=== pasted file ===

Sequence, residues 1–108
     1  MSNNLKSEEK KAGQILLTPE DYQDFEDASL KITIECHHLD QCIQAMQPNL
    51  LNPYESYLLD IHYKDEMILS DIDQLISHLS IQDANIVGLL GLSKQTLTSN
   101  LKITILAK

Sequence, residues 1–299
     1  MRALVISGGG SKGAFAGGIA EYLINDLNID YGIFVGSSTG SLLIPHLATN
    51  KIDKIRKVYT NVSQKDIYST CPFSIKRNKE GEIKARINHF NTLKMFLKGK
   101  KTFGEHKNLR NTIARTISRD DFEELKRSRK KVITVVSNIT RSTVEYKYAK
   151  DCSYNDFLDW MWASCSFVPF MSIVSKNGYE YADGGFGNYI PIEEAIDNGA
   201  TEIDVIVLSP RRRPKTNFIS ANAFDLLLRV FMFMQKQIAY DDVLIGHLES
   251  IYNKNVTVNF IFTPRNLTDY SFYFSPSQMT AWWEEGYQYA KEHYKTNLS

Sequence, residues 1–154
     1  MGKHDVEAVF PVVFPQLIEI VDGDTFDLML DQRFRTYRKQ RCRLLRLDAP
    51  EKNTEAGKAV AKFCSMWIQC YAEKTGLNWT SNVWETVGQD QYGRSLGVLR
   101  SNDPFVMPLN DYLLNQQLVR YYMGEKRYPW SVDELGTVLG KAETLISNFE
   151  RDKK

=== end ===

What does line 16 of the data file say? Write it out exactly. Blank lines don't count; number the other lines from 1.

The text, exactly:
   151  RDKK